In 2017, I decided that I was going to re-draft my first NaNoWriMo novel, Venture. It didn’t go well…
It had been three years since I wrote Venture, and I thought that it was a story I will wanted to tell. Since finishing the draft, I knew that it was something I wanted to re-visit after separating myself from the story for a bit and growing as a writer. I knew there was a lot of work to do on the story, especially when it came to the plot. So, three years later, I decided it was time to tackle my first novel again.
Because it was summer, I had plenty of time to think about how I was going to re-work the plot. Already, I had some ideas of the changes I wanted. Getting them onto the page was another matter.
The advice is always to read through the first draft again to see what the story was like and what can be worked with for the next draft. I think I opened the document and read the first few paragraphs before stopping. It was so bad. I couldn’t read any more for the fear that I would cringe myself to death. I ha this amazing opening line – or so I thought. It was something I was so proud of when I wrote it, but thinking back on it now, it was filled with so much teenage angst. Nothing screams inexperienced-angsty-teen-writer like the line “People destroy the things they don’t understand.”
Excuse me while I hide for awhile.
Putting aside my first chapter, I decided that I would just start re-writing the plot and the outline instead. There were things about the plot and the background of the book that had never been fully worked out when I first wrote the book, so I started there. To my credit, I did fix a bunch of issues that had been bothering me and was able to lay a more solid groundwork to start re-writing from. Then, I started re-writing the plot and re-outlining.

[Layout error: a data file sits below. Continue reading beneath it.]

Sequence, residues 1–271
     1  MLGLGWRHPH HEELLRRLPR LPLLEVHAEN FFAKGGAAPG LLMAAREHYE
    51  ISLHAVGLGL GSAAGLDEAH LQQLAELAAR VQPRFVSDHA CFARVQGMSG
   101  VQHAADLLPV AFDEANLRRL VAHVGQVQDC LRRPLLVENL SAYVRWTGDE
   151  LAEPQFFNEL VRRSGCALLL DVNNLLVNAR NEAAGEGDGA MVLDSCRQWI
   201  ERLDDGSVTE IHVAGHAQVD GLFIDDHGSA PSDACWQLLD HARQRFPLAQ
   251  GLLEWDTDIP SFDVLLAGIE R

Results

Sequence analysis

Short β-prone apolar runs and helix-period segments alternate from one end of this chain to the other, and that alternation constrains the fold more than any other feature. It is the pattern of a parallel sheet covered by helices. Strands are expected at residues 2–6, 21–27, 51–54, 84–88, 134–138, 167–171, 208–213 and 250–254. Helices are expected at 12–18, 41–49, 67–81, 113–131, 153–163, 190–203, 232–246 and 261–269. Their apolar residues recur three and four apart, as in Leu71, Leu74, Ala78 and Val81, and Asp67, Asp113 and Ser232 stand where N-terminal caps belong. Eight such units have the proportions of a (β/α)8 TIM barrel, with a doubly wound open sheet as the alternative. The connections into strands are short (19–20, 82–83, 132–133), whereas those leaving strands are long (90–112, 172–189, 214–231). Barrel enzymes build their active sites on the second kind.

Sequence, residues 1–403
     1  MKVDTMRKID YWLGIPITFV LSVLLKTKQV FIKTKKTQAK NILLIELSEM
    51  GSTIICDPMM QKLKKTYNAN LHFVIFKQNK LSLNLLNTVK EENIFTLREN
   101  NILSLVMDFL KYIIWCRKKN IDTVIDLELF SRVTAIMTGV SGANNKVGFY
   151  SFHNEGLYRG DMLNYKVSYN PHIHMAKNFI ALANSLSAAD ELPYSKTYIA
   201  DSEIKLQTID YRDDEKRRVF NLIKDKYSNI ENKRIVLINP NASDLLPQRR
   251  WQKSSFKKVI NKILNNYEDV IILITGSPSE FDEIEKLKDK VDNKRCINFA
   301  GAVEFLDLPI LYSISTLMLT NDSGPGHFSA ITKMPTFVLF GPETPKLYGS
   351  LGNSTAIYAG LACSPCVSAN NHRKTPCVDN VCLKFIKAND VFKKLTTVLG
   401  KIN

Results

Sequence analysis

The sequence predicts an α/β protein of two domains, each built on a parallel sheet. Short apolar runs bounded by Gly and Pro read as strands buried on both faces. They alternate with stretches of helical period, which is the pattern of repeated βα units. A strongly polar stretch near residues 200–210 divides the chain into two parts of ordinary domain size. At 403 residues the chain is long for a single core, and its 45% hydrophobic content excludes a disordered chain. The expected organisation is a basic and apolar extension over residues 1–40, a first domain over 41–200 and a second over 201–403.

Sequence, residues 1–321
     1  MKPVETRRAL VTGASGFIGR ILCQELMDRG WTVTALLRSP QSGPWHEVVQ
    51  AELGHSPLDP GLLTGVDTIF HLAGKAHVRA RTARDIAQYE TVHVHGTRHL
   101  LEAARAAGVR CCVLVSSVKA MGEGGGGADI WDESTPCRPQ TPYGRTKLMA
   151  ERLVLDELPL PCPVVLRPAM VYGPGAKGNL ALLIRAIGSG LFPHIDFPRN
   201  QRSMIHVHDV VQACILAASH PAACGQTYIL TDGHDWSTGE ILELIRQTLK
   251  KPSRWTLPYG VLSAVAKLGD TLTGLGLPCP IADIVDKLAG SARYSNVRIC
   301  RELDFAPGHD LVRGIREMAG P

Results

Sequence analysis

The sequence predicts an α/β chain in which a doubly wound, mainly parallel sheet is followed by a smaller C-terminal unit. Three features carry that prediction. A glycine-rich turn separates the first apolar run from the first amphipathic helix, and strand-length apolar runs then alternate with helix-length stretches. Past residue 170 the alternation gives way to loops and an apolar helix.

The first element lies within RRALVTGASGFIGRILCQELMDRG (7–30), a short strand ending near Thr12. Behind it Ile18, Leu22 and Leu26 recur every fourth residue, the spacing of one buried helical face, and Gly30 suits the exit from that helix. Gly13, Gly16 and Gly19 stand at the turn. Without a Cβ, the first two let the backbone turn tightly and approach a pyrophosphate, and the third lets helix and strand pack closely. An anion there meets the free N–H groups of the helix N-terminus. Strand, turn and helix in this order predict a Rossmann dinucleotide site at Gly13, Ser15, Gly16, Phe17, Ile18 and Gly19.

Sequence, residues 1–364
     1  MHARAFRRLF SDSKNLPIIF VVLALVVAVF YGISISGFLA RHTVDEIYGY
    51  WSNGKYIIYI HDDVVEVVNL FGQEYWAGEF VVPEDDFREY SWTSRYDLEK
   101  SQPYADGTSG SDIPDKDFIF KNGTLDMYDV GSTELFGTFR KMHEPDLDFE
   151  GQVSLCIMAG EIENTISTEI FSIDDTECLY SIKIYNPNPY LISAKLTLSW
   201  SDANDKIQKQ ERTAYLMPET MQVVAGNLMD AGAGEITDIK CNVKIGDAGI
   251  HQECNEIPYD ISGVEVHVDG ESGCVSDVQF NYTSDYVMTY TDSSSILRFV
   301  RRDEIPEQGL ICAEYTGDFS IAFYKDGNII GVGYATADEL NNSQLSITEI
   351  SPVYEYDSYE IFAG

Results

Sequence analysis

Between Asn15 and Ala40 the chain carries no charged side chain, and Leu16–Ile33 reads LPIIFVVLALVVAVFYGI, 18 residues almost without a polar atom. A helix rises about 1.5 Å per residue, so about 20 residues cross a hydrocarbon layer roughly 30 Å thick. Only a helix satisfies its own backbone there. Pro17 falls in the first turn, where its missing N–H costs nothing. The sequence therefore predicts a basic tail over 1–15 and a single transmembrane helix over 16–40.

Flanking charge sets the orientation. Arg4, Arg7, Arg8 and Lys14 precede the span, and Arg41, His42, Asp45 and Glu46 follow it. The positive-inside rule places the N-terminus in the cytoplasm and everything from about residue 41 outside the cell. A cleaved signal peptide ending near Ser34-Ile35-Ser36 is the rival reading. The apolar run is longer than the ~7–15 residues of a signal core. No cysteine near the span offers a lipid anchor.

This is where I found myself going in circles. I thought I had let go of enough of the initial premise to start working on this again, but as I wrote, I realized that wasn’t the case. There were so many things about the original story that I wasn’t ready to let go of yet, and the more I tried to keep outlining, the more I was getting stuck. I did my best to deviate from what I had wanted for the story when I first wrote it, but I was beginning to realize that I was still too close to the story.
Several days of writing went into this before I decided to stop. I was still too close to the story, and when I was honest with myself, there wasn’t much of a story left for me to tell. Part of that was because this book fell into the dystopian genre, which is now dead and gone in the YA world. The other part of it was simply that it wasn’t a good story. I had to come to terms with that by trying to re-write it, trying to fix plot holes, and trying to figure out why I was getting stuck when I first wrote the book.
Even so, it was a really good experience for me to try re-writing my first book. A lot of authors have talked about what it was like for them to go back to their first book and how cringey it can be. I definitely experienced the cringe when I tried going through this. And though I may not have been able to re-write this into something worthy of querying and submission, I was happy that I had tried to make something more of my first novel.
Nothing will come of this novel in terms of its story, but there’s a big chance that I’ll steal elements of it for other stories. Maybe some character names or story pieces will find their way into other books, but there’s very little chance that this book will see the light of day unless I decide to embarrass myself publicly by reading this chapter online.
I think my biggest lesson from trying to re-write Venture is that just because an idea was once good, doesn’t mean it’s going to stand the test of time. As my writing skills have grown over the past few years and I’ve discovered the genre I’m most comfortable writing in, I’ve realized how much things have changed for me since I wrote Venture. I’ve learned to focus on different things, I’ve learned that pacing is something I suck at and need to be conscious of, and I’ve learned the dystopia is a genre I should never touch again because I’m not that kind of writer.
I’m curious to see what I learn from the next re-write I try.